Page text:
Blake Gopnik limns the meaning of Bruce Nauman’s work in the Washington Post:
Our culture has a notion that there’s this thing called “classic art” that’s easily, obviously, automatically loveable, and that runs more or less from Giotto to Picasso. And then we’ve got a notion that there’s this absolutely different stuff called “contemporary art” that is obscure, challenging and an acquired taste — with Nauman as its patron saint, and therefore ignorable by most Americans.
Seeing Nauman in Venice, home to some of art’s great “classics,” that distinction falls apart. You suddenly realize that a befuddling, aggressive, Nauman-style challenge is right there under the surface of most of the great classics. It’s what gives them heft.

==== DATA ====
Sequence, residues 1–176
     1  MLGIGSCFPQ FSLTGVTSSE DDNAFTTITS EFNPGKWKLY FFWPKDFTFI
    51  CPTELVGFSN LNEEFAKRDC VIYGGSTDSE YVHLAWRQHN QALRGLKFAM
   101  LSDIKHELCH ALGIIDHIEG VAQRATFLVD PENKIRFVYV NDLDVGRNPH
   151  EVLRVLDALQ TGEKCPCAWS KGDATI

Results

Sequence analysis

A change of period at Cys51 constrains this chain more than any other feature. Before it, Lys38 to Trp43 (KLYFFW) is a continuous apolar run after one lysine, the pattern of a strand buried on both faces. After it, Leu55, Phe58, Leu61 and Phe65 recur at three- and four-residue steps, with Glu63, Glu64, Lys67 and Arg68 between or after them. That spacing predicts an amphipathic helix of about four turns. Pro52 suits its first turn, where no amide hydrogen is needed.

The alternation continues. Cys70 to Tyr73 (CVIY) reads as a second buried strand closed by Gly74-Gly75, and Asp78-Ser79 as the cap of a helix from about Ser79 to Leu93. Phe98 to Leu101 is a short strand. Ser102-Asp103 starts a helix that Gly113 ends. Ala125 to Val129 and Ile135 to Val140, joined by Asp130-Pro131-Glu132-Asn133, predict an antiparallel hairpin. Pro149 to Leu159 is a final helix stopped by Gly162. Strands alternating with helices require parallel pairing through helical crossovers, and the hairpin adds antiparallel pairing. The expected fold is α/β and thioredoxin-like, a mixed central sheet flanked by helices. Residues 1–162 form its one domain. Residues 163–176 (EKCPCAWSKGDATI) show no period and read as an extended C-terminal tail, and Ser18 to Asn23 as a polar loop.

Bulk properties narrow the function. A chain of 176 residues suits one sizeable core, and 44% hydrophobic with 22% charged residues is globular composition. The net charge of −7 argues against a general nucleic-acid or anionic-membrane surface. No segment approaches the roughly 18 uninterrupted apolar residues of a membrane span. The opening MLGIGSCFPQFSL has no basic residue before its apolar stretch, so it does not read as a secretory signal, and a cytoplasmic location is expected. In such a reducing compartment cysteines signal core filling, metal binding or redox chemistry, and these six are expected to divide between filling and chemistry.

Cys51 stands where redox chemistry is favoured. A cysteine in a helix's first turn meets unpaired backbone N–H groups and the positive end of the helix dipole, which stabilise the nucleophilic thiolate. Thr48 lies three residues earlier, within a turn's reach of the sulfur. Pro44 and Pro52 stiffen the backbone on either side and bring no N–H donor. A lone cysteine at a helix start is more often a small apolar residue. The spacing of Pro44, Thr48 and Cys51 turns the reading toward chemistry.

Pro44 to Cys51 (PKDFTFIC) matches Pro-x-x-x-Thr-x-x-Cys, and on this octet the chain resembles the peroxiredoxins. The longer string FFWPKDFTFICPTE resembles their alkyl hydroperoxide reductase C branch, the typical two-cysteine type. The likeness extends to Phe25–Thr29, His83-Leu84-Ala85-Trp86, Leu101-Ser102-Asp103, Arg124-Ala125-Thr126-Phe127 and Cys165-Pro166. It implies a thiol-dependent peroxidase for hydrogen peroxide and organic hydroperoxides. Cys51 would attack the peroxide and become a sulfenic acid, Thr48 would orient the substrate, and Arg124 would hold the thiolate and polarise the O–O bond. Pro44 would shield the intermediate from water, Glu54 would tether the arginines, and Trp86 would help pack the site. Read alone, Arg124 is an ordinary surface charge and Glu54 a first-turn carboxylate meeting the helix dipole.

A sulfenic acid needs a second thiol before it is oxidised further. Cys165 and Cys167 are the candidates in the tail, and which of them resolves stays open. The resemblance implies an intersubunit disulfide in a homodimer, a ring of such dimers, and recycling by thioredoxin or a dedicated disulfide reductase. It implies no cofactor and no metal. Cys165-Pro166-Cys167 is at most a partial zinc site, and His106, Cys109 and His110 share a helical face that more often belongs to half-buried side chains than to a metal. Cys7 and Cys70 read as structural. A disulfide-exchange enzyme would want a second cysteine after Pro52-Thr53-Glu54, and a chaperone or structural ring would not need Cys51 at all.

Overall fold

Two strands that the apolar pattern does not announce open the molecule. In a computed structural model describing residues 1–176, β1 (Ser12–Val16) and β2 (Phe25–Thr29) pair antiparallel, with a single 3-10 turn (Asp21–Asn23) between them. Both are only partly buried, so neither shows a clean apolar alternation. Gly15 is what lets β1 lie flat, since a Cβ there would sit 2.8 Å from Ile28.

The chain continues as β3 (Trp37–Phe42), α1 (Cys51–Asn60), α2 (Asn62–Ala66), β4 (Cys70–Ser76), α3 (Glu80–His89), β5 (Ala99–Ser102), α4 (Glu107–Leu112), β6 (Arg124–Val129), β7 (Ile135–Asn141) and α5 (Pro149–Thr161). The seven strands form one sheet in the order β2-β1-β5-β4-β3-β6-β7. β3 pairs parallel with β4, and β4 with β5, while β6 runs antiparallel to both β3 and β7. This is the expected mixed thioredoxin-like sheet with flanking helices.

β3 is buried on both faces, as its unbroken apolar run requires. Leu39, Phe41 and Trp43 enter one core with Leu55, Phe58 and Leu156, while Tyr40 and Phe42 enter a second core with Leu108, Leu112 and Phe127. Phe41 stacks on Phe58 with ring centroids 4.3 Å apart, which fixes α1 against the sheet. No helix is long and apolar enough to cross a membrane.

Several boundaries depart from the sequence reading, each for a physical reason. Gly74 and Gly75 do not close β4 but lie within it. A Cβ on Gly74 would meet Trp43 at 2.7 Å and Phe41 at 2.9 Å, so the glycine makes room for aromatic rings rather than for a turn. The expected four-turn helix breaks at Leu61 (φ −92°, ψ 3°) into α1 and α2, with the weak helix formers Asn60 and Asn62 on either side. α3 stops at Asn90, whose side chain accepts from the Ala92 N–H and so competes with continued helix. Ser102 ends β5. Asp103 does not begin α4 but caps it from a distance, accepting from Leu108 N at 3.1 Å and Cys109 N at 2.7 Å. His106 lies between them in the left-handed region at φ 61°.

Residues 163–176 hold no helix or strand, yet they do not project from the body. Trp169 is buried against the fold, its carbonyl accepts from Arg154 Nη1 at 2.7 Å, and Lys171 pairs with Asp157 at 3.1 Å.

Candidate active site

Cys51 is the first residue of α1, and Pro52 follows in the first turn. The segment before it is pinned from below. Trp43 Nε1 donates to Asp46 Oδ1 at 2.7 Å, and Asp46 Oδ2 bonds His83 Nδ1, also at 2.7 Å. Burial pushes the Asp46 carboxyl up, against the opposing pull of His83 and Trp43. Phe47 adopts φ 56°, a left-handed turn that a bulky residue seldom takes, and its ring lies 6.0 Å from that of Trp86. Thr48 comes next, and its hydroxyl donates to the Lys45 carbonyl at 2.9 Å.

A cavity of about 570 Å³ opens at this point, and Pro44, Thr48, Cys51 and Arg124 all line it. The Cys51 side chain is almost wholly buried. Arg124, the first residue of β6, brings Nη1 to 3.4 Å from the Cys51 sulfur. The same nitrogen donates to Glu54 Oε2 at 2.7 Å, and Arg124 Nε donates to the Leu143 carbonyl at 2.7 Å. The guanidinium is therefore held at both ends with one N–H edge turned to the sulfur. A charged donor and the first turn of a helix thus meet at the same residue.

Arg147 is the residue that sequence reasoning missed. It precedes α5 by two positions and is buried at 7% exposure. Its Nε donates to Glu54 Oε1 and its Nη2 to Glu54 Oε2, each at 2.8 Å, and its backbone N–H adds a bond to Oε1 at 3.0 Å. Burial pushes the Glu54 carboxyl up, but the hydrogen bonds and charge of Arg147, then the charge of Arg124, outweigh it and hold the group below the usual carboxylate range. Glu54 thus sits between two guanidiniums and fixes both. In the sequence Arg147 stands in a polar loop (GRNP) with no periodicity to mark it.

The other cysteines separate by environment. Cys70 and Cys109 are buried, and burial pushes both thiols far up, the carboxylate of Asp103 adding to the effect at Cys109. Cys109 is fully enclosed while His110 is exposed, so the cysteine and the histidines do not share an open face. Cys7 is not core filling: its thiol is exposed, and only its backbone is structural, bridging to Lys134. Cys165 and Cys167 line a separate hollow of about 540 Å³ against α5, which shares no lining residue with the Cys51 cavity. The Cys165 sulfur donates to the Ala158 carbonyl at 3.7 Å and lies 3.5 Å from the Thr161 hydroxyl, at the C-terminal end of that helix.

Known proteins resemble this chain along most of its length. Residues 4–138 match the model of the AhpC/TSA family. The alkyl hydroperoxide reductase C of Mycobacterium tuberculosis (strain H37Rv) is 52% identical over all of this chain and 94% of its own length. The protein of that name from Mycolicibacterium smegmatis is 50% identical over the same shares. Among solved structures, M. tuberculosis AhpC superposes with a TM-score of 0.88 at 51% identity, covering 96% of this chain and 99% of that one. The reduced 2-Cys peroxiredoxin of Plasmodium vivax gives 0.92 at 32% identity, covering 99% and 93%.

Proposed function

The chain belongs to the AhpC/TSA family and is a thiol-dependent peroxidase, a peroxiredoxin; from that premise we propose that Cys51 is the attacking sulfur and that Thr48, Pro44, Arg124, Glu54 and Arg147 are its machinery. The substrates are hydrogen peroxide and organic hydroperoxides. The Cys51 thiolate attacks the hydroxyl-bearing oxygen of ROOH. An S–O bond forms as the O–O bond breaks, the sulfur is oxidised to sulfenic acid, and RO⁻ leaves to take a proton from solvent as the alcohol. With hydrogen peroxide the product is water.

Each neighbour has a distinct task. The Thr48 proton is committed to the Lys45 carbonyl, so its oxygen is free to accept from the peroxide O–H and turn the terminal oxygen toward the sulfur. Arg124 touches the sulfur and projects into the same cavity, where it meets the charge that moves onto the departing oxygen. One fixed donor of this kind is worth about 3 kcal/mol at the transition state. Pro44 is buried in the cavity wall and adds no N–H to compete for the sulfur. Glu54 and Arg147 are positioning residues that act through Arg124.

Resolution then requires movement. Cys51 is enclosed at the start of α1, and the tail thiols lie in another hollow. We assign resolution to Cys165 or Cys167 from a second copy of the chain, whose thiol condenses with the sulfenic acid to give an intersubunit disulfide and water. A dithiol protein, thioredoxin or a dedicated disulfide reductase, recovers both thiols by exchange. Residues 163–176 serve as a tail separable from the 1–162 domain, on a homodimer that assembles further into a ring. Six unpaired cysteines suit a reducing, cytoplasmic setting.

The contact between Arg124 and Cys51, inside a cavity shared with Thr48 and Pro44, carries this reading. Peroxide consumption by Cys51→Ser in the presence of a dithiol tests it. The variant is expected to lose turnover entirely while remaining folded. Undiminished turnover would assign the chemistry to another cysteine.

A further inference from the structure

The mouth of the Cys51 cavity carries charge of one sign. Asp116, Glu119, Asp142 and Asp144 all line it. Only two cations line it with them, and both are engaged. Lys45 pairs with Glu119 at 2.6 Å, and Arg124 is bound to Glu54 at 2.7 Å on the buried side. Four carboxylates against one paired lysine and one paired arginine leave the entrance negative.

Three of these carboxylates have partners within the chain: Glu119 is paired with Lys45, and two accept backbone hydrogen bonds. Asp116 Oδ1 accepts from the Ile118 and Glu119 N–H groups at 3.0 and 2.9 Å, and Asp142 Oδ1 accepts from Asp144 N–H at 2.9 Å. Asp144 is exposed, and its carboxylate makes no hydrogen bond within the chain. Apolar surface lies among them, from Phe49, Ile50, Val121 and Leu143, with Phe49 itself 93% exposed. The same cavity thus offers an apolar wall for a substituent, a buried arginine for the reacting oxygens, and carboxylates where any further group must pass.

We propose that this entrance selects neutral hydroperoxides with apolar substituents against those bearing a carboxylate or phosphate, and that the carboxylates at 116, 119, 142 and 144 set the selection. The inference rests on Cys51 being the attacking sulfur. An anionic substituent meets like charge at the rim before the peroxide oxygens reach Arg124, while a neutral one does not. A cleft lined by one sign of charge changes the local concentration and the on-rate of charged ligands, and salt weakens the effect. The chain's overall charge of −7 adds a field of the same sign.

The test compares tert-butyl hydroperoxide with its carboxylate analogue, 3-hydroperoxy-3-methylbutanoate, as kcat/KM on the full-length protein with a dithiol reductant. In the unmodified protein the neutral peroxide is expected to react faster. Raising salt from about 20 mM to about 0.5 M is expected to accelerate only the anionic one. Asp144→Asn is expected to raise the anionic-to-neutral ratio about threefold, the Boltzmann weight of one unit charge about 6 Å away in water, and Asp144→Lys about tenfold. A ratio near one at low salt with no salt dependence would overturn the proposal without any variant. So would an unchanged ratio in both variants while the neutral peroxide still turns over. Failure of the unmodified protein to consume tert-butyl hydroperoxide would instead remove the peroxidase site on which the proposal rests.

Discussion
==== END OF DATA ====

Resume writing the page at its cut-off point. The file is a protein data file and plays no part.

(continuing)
Take Nauman’s signature piece in the American pavilion, a spiraling neon sign he first had made in 1967, in angel-pink and heaven-blue, that reads “The true artist helps the world by revealing mystic truths.” It’s a sendup of such comforting platitudes, but it’s also about trying them on and seeing if they might just fit. That same duality is there in most classic art that has dealt with so-called mystic truths.
The huge mosaic of Christ ascending, installed by medieval artists in the dome of the great Basilica of Saint Mark in Venice, certainly goes some way to making the same claim you get in a straight reading of Nauman’s neon. But in its absolutely worldly beauty, the mosaic also calls the mystical into question, the way we imagine Nauman doing. After all, any glitzy man-made image has always had to cope with doubts that it can capture a heaven-sent truth. By zooming in on those doubts, Nauman’s piece channels tensions that have always been there.
Bruce Almighty (Washington Post)